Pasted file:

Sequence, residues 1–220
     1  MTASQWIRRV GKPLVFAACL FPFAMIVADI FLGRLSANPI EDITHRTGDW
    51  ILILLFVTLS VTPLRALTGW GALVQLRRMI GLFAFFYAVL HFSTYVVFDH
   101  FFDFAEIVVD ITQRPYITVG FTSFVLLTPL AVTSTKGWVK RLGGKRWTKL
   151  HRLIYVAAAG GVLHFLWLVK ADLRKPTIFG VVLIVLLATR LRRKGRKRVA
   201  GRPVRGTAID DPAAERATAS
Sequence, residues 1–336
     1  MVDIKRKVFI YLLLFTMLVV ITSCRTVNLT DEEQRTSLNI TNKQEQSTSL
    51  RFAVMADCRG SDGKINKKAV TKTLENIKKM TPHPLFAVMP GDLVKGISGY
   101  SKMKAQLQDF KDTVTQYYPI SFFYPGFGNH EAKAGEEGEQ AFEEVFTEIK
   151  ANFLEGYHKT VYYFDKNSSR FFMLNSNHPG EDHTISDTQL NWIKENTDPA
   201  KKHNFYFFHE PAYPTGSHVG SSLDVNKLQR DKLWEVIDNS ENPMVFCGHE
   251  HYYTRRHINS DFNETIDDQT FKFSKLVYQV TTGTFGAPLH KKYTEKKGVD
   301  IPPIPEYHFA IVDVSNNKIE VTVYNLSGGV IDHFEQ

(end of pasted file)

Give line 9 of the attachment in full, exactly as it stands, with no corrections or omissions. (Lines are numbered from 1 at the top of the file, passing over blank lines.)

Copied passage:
    51  RFAVMADCRG SDGKINKKAV TKTLENIKKM TPHPLFAVMP GDLVKGISGY